yes to most of the above. Yesterday was winds out of the west 10-15, it was west at solid 20, gusts to 25. The good side was the thunderstorms and 1-3 mi. vis.forecast,actual was bright blue sky and Block Island, 13 miles off the coast, was very visible. Generally they are polar opposites re: wind speed. They forecast local areas for marine conditions, and long island sound generates the most, nearly 100% imho, error.
Why is the forecast wrong?
I have been forecasting marine weather for Atlantic Canada for the past 22 years. After so many years you develop a thick skin for criticism. But the fact is that most of the criticisms are unfounded. I have had lots of time to think about this and there are several reasons why the forecasts are perceived to be “always wrong” such as…
- You remember the bust forecasts. Most of the criticism I receive is from individuals who do not keep any verification on forecasts. Industries who rely on forecasts day to day such as airlines, forestry, agriculture, and fishermen usually rave about the value of service provided.
- The forecast is misinterpreted. Marine wind forecasts are for open water. The kayaker who rarely strays more than a kilometer from shore deals with coastal effects. It is not practical to include the coastal effects in the forecast, and I would advise any small boater to learn how the coast can effect winds (and other weather elements). I have done one-day workshops for a local Power and Sail Squadron on this subject.
- The forecast is not heard correctly. I cannot tell you how many times I have heard someone talk about rain expected for Halifax only to figure out later that they were listening to the forecast for another part of the province. Their attention was grabbed by the word “rain” and that was all.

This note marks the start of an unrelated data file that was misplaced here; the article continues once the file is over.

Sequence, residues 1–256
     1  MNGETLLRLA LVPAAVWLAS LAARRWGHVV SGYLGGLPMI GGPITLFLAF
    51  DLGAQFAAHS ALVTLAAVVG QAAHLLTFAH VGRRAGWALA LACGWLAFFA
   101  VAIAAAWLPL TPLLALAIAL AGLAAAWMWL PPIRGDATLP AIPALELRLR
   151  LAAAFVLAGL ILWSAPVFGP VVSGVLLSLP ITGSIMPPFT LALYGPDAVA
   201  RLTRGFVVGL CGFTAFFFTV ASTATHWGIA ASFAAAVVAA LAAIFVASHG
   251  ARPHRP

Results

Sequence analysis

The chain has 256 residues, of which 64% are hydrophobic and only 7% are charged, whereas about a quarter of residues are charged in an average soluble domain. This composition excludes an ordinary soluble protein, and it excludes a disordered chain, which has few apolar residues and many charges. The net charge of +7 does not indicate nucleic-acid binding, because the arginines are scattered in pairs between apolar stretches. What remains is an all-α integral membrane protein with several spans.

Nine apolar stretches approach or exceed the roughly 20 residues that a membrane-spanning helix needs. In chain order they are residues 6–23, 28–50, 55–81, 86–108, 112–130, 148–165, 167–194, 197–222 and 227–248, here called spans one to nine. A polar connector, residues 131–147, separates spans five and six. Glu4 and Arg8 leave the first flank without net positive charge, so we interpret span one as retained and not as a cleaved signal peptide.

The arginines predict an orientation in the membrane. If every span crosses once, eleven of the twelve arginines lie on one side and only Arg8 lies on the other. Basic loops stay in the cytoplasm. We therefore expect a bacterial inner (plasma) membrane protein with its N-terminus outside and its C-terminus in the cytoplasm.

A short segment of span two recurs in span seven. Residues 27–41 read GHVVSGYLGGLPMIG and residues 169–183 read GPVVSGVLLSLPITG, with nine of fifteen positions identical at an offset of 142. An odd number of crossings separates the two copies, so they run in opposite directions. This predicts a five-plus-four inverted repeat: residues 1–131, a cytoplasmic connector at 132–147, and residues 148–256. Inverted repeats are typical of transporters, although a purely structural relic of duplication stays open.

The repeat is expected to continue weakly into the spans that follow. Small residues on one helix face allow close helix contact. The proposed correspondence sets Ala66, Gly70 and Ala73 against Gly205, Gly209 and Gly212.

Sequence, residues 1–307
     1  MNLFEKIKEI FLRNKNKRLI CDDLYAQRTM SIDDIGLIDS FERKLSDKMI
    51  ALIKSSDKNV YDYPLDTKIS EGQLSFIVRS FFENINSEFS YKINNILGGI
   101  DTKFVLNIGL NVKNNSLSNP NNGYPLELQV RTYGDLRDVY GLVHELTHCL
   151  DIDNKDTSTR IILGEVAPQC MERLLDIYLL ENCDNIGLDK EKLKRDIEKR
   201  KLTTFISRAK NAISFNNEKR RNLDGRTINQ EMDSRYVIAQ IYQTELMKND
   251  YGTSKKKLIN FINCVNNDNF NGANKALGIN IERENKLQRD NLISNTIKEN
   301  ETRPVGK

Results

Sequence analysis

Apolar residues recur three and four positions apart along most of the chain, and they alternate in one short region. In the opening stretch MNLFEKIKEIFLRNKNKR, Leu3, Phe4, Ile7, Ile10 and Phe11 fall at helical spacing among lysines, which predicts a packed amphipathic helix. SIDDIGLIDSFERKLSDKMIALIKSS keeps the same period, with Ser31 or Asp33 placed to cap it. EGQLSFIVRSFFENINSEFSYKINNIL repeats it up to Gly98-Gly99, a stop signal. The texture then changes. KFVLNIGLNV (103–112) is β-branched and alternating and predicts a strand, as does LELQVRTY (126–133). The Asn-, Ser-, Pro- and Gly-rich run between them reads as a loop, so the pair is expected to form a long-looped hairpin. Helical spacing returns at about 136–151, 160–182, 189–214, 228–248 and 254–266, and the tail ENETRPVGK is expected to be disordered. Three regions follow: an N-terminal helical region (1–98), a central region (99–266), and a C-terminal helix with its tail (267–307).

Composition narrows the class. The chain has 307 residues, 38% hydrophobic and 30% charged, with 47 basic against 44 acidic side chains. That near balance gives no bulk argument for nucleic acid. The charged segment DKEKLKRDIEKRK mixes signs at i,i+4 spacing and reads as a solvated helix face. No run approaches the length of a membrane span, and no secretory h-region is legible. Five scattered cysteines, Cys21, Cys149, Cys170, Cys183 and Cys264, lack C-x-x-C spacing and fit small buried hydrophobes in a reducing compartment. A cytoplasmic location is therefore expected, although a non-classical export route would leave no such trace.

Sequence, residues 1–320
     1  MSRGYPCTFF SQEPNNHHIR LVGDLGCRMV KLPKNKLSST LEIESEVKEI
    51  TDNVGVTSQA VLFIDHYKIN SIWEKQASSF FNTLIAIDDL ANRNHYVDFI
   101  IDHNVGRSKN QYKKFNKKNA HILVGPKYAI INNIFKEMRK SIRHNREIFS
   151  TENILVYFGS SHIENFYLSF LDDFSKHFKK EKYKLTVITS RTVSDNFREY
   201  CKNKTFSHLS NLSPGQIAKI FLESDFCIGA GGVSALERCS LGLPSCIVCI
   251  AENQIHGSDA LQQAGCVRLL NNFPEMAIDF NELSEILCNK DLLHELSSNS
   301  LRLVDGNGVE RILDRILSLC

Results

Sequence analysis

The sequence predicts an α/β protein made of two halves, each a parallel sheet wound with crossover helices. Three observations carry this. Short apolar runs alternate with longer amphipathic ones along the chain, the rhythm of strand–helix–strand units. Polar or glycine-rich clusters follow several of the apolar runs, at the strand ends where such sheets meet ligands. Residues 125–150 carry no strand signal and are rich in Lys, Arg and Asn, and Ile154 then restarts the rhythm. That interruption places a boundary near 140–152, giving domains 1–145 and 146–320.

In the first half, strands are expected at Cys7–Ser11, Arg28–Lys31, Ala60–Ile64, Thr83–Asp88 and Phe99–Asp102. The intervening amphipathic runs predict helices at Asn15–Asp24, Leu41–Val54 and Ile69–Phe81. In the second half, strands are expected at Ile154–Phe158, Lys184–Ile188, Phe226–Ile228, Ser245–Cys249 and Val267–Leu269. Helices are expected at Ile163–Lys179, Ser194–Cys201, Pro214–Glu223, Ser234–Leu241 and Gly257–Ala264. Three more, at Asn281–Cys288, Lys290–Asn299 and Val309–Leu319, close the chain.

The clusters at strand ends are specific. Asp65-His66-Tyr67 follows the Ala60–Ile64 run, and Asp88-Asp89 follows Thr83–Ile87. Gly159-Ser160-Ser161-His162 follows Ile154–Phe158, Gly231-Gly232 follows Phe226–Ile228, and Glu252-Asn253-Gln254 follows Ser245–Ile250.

I could continue but I just want to make a point.
Remember the “old days”?
When I was growing up in Pgh PA in the '50s, each night the Esso Weather Forcast was shown on KDKA TV.
All these years later I remember that the forecast was often wrong for the following day. Not a very good record. I do believe the accuracy has improved to the point that the 3-day forecasts are better than the 1-day forecasts of 50 years ago. Not 100% accurate, but these are FORECASTS!
All in all, I think that NOAA is doing an admirable job.
I think NOAA weather reporting is outstanding. That’s been my experience in Alaska, BC, and PNW as a paddler and captain. You’re talking to sea kayakers here…
in Watch Hill, the forecast called for rain in the a.m(chance), then (chance) thunderstorms in the afternoon. The way the boats bailed out in the morning, I’m sure a lot were monitoring the radio. Tide and wind were both against me, so I went body surfing while waiting for the tide to change. Everyone left except for the 9 of us on a beach that had about 4000 the day before. Sun came out, clouds disappeared, and it was a beautiful day. NOAA still was advising “1-3 mi. vis, fog, thunderstorms.” Quite often they forecast “small-craft advisories” when its blowing 5-10 knots, and I am in their area at the time they’re forecasting. Or they’ll give 10-15 and there’s no wind. I think Long Island Sound area must be tricky for noaa.
Noaa works for me! and agree with
Sing and Wilson. the most recent forecast and the Noaa forecast for Boston and a bit of local knowledge (usually from my buds) and I have never been greatly surprised. Maine is more of a challenge and the local knowledge is crucial there.
Also why do you claim that Noaa messed up the "perfect storm" prediction? Seems to be quite the opposite.
Some areas are trickier than others
got THAT right!